Reason for the delay: The Treasury Department and the IRS received numerous comments expressing concerns about the administrative burdens of compliance and the revenue effect on those subject to withholding.

The withholding requirement was part of the Tax Increase Prevention and Reconciliation Act of 2005. It requires federal, state, and local government entities to withhold income tax when making payments to those providing property or services.

The new final regulations also include:

  • A withholding threshold for payments of $10,000 or more. The Treasury Department noted that the people commenting requested that the threshold amount be raised. "This $10,000 threshold level strikes a reasonable balance between alleviating administrative burdens and preserving the legislative intent that the withholding requirement apply broadly," the regulations state.

  • Exclusion from the withholding requirement for payments from one government entity to another government entity.

Why was the provision implemented? According to reports by the General Accounting Office (GAO), "thousands of federal contractors had substantial amounts of unpaid federal taxes."

The GAO states: "This practice is inconsistent with the fundamental concept that those doing business with the federal government should be required to pay their federal taxes."

For more information, consult with your tax adviser.



Appeals Court Case
Limits SOX Whistleblowers

In a recent case that surprised many legal pundits, the Ninth Circuit Court of Appeals ruled that the "whistleblower" provisions of the Sarbanes-Oxley Act (commonly called SOX) do not protect employees who leak information to the news media. The ruling, which represents a significant victory for Seattle-based airplane manufacturer, Boeing, has drawn the wrath of vocal whistleblower advocates.

In effect, the Ninth Circuit said in the case that a whistleblower under SOX can't go directly to the press. The ruling, which upheld a lower court decision, was rendered by a unanimous three-judge panel.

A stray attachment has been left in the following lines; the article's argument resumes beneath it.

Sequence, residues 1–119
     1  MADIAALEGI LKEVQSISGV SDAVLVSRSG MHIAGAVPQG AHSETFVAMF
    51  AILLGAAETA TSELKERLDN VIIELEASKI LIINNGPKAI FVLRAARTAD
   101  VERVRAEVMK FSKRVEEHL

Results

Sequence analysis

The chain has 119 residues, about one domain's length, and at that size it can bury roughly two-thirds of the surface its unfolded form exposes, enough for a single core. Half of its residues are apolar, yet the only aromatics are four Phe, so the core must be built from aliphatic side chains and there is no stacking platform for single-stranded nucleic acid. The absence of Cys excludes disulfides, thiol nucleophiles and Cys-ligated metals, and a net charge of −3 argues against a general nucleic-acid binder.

Background: Enacted in 2002, the Sarbanes-Oxley Act includes standards for corporate accountability and imposes penalties on wrongdoers. The law changed how corporate boards and executives interact with each other and with corporate auditors. Significantly, corporate officers such as CEOs and CFOs are now held accountable for the accuracy of financial statements. In addition, SOX establishes new financial reporting responsibilities as well as requiring compliance with internal controls designed to ensure the validity of the financial records.

However, SOX is also noteworthy for its whistleblower provisions. Not only does the law prohibit retaliation against whistleblowers, it also encourages and reinforces the actual act of whistle blowing. Public companies must set up internal procedures to receive, review, and solicit employee reports concerning fraudulent actions and ethical violations. Enforcement includes administrative, civil, and criminal means that may result in both corporate and individual liability.

However, the new Ninth Circuit case places a restriction on the whistle blowing mechanism.

Key facts of the case: The two plaintiffs, Nicholas Tides and Matthew Neumann, were employed by Boeing. They worked as auditors involved in the testing of the company's information technology controls as mandated by SOX. On several occasions, Tides and Neumann said that they complained about what they perceived as auditing deficiencies. They also alleged, according to court documents, there was "a generally hostile work environment" and pressure from management to rate Boeing's internal controls as "effective."

In 2007, tensions were running high at Boeing amidst talk that an external auditor might declare a material weakness within the internal controls. Tides and Neumann "repeatedly complained" to management about the practice of giving contractors managerial authority over Boeing employees, as well as the involvement of the contractors in both the design and audit of Boeing's internal controls. "They also expressed concerns about the integrity of data stored in the software system Boeing used to record its IT SOX audit results," according to court documents.

Eventually, a newspaper ran an investigative report about the problems in Boeing's computer systems’ security. After the article was published, Tides and Neumann admitted they had spoken to the newspaper's reporter. A few months later, both were fired for violating a company policy prohibiting employees from releasing information to the media without obtaining approval from the communications department.

The pair of employees was discovered after an investigation by Boeing that included the monitoring of both of their work computers and e-mail accounts.